Bit of a throwback Thursday with a some Gorge history.
I’m sure many, if not all riders, have seen the ruins on the South Side trails overlooking the river. The stairs and blue stone rubble are remnants of what was a RAAF training site during WWII. The rubble alongside the trail is the remains of the store and workshop building. We encourage riders to have a look around but please stay off the sites to preserve their integrity.
During World War 2 the Royal Australian Air Force (RAAF) had a Hygiene Training Camp located on the Plenty River, just south of the Janefield community.
On 12 August 1943 the RAAF Medical Training Unit relocated from Laverton to Larundel. Shortly after a decision was made that a bush Hygiene Training Camp was required and it was constructed entirely from salvaged materials. The camp was built for both display and instructional purposes for Australian Service personnel. There were many working field exhibitions for both static and mobile units. Instruction was given in subjects such as the building of latrines, construction and maintenance of grease-traps, water purification, malaria control, elementary plumbing and carpentry.
Aviation Medicine was also taught at the camp. Several structures believed to be mocked up aircraft were seen by civilians from vantage points along the boundary of the camp. It has since been confirmed that initially an aircraft fuselage was located at the camp. It is not known when it was removed.
Records indicate the first visit to the camp occurred on the 27 January 1944. Over the next 18 months many RAAF personnel visited the camp to receive instruction. In May 1945 consideration was given to upgrading the lighting of the camp. On 28 November 1945 (with the war in the Pacific having concluded on 15 August 1945) the camp was visited by a Mr Limbrick who made an inventory of buildings and effects for disposal. By the 18 January 1946 the RAAF Medical Training Unit was officially disbanded.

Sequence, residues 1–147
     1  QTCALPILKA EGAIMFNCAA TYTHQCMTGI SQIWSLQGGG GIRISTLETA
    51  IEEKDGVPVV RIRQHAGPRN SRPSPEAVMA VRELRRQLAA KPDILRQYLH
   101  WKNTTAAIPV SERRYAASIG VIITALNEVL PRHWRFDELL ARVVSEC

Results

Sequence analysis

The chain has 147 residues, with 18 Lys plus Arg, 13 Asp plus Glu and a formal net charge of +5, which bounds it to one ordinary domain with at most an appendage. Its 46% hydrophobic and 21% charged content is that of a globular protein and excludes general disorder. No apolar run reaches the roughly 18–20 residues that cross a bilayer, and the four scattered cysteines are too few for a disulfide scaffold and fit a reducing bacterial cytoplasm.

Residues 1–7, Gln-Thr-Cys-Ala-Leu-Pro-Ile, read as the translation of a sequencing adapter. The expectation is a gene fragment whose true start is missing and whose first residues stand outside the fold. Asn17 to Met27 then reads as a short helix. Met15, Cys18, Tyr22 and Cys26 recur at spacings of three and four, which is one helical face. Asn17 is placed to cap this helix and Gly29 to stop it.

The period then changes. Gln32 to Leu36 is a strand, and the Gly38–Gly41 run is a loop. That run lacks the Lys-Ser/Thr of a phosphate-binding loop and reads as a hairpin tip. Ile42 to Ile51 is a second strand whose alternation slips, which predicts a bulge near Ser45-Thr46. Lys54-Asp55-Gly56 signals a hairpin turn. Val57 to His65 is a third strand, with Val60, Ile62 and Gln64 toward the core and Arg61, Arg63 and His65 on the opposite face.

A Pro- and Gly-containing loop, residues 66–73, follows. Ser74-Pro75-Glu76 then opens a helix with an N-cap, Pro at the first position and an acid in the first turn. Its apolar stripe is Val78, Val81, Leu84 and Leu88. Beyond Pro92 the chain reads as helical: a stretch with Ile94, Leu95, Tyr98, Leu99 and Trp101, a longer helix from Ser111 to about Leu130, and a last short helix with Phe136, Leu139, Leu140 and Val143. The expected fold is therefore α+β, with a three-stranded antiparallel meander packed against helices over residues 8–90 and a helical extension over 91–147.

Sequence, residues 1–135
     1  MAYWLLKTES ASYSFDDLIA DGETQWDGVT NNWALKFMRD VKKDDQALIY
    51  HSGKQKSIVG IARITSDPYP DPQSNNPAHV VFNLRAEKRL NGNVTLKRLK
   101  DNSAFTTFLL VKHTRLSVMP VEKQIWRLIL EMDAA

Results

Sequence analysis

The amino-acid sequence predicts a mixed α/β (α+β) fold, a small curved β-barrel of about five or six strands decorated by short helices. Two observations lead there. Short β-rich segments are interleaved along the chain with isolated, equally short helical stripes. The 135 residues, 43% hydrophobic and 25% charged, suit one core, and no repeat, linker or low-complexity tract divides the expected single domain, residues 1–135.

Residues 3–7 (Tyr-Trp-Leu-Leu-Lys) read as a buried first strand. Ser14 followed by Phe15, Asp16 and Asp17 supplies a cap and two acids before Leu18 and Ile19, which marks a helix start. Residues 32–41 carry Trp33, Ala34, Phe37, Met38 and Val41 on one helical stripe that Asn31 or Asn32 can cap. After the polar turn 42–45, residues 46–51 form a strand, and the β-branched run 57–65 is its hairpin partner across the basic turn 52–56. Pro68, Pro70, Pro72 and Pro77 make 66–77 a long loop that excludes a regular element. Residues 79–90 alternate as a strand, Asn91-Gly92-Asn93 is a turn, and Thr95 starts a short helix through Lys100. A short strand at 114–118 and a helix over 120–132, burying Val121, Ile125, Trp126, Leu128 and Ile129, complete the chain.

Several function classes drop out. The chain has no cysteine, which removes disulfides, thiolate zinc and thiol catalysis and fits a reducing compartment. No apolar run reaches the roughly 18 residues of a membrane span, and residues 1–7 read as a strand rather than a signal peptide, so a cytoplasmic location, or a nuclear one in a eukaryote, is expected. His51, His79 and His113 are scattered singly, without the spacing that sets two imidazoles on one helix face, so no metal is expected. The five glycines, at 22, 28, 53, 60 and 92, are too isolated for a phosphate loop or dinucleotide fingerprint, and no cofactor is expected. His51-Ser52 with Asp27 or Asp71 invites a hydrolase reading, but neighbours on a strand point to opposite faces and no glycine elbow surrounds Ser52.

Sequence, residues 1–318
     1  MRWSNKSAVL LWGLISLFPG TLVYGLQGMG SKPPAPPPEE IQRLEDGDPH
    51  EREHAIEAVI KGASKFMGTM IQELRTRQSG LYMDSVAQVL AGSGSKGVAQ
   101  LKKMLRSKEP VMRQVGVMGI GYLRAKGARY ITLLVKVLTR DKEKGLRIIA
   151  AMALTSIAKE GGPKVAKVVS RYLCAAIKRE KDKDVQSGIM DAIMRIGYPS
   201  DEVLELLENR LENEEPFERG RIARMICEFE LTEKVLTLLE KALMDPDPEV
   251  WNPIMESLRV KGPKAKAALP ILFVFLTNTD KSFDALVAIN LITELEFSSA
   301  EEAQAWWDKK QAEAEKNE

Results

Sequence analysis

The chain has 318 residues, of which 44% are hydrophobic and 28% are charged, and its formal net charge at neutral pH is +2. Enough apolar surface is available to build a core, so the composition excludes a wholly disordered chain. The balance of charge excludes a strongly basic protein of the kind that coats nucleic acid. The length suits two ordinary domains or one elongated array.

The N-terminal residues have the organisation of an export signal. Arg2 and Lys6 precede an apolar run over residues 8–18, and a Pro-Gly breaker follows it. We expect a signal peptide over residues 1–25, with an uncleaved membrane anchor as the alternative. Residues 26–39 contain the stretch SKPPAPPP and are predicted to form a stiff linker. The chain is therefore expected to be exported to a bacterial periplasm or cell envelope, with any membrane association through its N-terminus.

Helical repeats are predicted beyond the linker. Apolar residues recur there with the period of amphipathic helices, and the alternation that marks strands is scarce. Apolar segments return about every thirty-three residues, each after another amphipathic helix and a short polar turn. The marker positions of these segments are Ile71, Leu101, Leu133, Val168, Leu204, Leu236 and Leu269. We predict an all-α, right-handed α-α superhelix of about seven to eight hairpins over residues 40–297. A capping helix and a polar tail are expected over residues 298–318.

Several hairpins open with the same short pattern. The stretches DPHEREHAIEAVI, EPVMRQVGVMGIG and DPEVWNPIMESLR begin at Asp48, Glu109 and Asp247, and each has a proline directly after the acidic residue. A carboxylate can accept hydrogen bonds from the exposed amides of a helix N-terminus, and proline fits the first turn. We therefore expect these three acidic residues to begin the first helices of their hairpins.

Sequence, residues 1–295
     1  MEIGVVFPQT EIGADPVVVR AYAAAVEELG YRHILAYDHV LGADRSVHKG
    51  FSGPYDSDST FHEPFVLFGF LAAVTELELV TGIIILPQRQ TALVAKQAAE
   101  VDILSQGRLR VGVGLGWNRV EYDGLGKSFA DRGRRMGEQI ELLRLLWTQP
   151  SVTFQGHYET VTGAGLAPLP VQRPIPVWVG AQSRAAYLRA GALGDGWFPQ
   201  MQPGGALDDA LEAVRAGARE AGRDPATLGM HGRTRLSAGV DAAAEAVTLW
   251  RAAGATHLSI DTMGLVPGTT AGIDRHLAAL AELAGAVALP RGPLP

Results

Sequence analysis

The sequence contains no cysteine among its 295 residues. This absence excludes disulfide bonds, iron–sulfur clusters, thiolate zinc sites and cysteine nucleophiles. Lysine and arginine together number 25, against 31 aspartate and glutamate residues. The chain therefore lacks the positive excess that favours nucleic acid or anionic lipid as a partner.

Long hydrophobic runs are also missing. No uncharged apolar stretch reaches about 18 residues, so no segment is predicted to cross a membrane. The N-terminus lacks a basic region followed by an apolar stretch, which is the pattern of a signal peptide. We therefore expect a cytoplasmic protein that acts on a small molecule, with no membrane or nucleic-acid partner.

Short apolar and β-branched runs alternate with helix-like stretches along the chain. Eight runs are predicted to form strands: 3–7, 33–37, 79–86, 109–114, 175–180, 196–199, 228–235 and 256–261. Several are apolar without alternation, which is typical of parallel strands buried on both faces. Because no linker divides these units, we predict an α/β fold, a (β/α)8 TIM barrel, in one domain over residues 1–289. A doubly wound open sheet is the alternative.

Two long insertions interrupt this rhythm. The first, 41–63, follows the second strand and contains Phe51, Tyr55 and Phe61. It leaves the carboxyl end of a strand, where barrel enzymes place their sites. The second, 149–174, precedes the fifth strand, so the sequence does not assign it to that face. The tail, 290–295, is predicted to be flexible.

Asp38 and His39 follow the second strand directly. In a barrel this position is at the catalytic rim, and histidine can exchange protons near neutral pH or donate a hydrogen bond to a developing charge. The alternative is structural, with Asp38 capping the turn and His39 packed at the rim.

Today if you follow the river from Greensborough to Janefield you may be lucky enough to sight the remains of the camp. Approaching from the south of the camp the first evidence you will see are the remains of a number of hygiene stands along a creek leading down to the Plenty River. Further along on your right you will sight the remains of the mess, a concrete floor and the remnants of walls. On your left is a pile of building rubble, this was the location of the Officer in Charge’s accommodation. Behind the mess, hidden away out of sight in the trees and on the escarpment to the river, are the ruins of the store/workshop building. Rabbits have burrowed under the floor and it is in the process of collapsing – watch your step.
Care should be taken to meet all park regulations when walking in the area now that the remains have been identified. It is the intention of VicParks to preserve and acknowledge this small area of Greensborough’s past.
Thanks for the information go to Greensborough RSL from their 2010 Christmas Newsletter. http://bit.ly/1JN9tTz
The Victorian Heritage Database’s Summary can also be found here: http://bit.ly/1W2ULfQ